Where the staff turnover is high.
Hospital admissions.

How can they help with Communication?

Communication Passports can be very useful in helping new
staff/strangers to quickly understand personal needs and to ensure a
consistency of approach. They can also help to avoid preventable
behavioural difficulties
The passport should go everywhere with the person especially when they
attend anywhere for the first time (start a new place) e.g. day centre,
college. This is because they can provide a focus for attention and

Who should make one?

It can be anyone who knows the person well. But the most important thing
is to involve the person, where possible, from the beginning on what they
want to be included. Collect information from the person, and all their
supporters (family, friends and carers), circulate a draft and agree final


How do you make one?

A passport can be any colour, size or shape. It can be as simple or
complex as needed. Use your imagination. Whatever the design it should
be attractive, colourful, accessible and positive, not jargon-ridden or

They can be hand written. Use different coloured paper, pens, pictures of
the person, their friends and family, symbols or pictures of everyday
objects. Cut up old catalogues or buy a cheap picture dictionary. You
dont need access to a computer to make a passport. Hand written
passports are just as effective. They should be reviewed at least once a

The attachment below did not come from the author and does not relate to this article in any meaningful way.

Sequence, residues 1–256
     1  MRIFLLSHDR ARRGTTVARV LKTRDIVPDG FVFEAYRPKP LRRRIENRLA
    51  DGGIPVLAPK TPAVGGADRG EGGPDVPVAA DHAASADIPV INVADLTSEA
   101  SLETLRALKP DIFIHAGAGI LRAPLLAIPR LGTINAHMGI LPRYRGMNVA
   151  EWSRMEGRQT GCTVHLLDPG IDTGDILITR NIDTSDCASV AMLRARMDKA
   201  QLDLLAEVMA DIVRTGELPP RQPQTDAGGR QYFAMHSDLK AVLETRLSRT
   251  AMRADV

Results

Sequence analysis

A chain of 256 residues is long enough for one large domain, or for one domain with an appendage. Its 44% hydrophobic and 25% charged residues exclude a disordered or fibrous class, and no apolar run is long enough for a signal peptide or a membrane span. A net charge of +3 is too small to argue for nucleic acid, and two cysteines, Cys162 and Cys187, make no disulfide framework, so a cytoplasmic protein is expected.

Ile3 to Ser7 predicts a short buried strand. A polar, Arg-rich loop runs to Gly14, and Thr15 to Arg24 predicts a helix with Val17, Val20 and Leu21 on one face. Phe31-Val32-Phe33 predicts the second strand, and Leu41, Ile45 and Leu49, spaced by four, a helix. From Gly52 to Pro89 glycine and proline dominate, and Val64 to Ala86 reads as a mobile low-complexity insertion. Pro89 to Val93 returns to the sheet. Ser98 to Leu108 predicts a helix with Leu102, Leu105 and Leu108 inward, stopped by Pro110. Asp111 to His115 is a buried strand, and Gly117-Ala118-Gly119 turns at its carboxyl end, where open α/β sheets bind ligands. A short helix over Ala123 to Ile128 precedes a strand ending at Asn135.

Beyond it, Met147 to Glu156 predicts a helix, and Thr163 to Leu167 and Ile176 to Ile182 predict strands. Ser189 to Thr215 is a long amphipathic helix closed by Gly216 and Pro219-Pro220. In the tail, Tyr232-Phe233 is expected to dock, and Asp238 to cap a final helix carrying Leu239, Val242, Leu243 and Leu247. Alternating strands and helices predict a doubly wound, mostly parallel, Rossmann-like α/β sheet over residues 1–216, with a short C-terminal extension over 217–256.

An example:

G is non-verbal, uses a wheelchair and has complex health needs. He
likes going out and about, and particularly enjoys travelling by train. He is
due to go into hospital soon.
G has a communication passport in the shape of a train that he carries
around in a bag on his wheelchair. It contains a short account of Gs
communication skills and needs. G will take his passport to hospital. It will
give the nurses and all those people new to him, all the information they
require to communicate with G and understand his needs.

Do you need more information?

Personal Passports, Information Sheet 5 has many tips and ideas.
Contact Sally Millar, Call Centre, University of Edinburgh, Patersons
Land, Holyrood Road, Edinburgh EH8 8AQ. 0131 651 6236.

First Steps, Communication Matters c/o The Ace Centre, 92 Windmill
Road, Headington, Oxford, OX3 7DR. 0870 606 5463.

Please contact your local speech and language therapist for further


What is a Communication Book?

A Communication Book is a low-tech communication system that can
replace or support speech. It can contain photos, symbols, magazine
pictures or line drawings to represent daily activities, food, places objects
likes and dislikes that the owner may wish to communicate. They are
many different designs from a simple sheet with a few pictures to a book
full of symbols.

Who uses Communication Books?

Many people can benefit from using a Communication Book:

People who have no speech, limited or unclear speech.

A person whos physical disability prevents them from using other
communication systems.

People who use Voice Output Communication Aids might use a
Communication Board or Book as a back-up. For example at the
swimming pool.

The additional pictorial support can help those people who
generally make themselves understood but have difficulty in
unfamiliar situations when they are under pressure and when
communication breakdown can occur.


How can Communication Books help with

A person with limited speech can use their Communication Book to help
tell people what they are feeling, make choices and ask for what they
want. For example when asked what they want to do after lunch they can
point to a picture of walk to indicate theyd like to go for a walk.

The pictures can help the listener key into the topics being communicated.
This will decrease any frustration and promote successful interactions.
Having access to an effective means of communication will encourage the
user to communicate more.